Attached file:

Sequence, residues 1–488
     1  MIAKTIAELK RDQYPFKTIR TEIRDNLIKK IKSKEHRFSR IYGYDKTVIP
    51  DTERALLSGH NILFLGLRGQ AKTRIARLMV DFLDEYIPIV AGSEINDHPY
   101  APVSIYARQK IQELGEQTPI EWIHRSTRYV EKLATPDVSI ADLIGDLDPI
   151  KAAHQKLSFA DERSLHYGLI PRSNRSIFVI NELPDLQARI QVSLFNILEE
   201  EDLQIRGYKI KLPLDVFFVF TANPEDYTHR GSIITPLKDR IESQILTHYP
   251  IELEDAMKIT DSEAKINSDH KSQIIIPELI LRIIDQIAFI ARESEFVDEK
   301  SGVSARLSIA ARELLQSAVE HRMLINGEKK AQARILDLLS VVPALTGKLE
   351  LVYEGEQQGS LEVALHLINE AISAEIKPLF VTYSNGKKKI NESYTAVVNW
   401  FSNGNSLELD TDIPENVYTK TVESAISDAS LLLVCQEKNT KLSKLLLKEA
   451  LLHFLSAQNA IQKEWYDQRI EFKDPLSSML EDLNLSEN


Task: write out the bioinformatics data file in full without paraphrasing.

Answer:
Sequence, residues 1–488
     1  MIAKTIAELK RDQYPFKTIR TEIRDNLIKK IKSKEHRFSR IYGYDKTVIP
    51  DTERALLSGH NILFLGLRGQ AKTRIARLMV DFLDEYIPIV AGSEINDHPY
   101  APVSIYARQK IQELGEQTPI EWIHRSTRYV EKLATPDVSI ADLIGDLDPI
   151  KAAHQKLSFA DERSLHYGLI PRSNRSIFVI NELPDLQARI QVSLFNILEE
   201  EDLQIRGYKI KLPLDVFFVF TANPEDYTHR GSIITPLKDR IESQILTHYP
   251  IELEDAMKIT DSEAKINSDH KSQIIIPELI LRIIDQIAFI ARESEFVDEK
   301  SGVSARLSIA ARELLQSAVE HRMLINGEKK AQARILDLLS VVPALTGKLE
   351  LVYEGEQQGS LEVALHLINE AISAEIKPLF VTYSNGKKKI NESYTAVVNW
   401  FSNGNSLELD TDIPENVYTK TVESAISDAS LLLVCQEKNT KLSKLLLKEA
   451  LLHFLSAQNA IQKEWYDQRI EFKDPLSSML EDLNLSEN